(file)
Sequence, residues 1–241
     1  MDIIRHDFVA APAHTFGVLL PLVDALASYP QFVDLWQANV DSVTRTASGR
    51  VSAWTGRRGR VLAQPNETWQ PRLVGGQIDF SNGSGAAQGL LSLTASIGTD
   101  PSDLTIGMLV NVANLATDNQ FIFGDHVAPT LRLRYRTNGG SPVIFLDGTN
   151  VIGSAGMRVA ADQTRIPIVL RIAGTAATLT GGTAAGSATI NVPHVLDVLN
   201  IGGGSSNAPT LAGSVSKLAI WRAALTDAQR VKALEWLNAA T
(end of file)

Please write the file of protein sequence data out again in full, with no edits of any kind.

Sequence, residues 1–241
     1  MDIIRHDFVA APAHTFGVLL PLVDALASYP QFVDLWQANV DSVTRTASGR
    51  VSAWTGRRGR VLAQPNETWQ PRLVGGQIDF SNGSGAAQGL LSLTASIGTD
   101  PSDLTIGMLV NVANLATDNQ FIFGDHVAPT LRLRYRTNGG SPVIFLDGTN
   151  VIGSAGMRVA ADQTRIPIVL RIAGTAATLT GGTAAGSATI NVPHVLDVLN
   201  IGGGSSNAPT LAGSVSKLAI WRAALTDAQR VKALEWLNAA T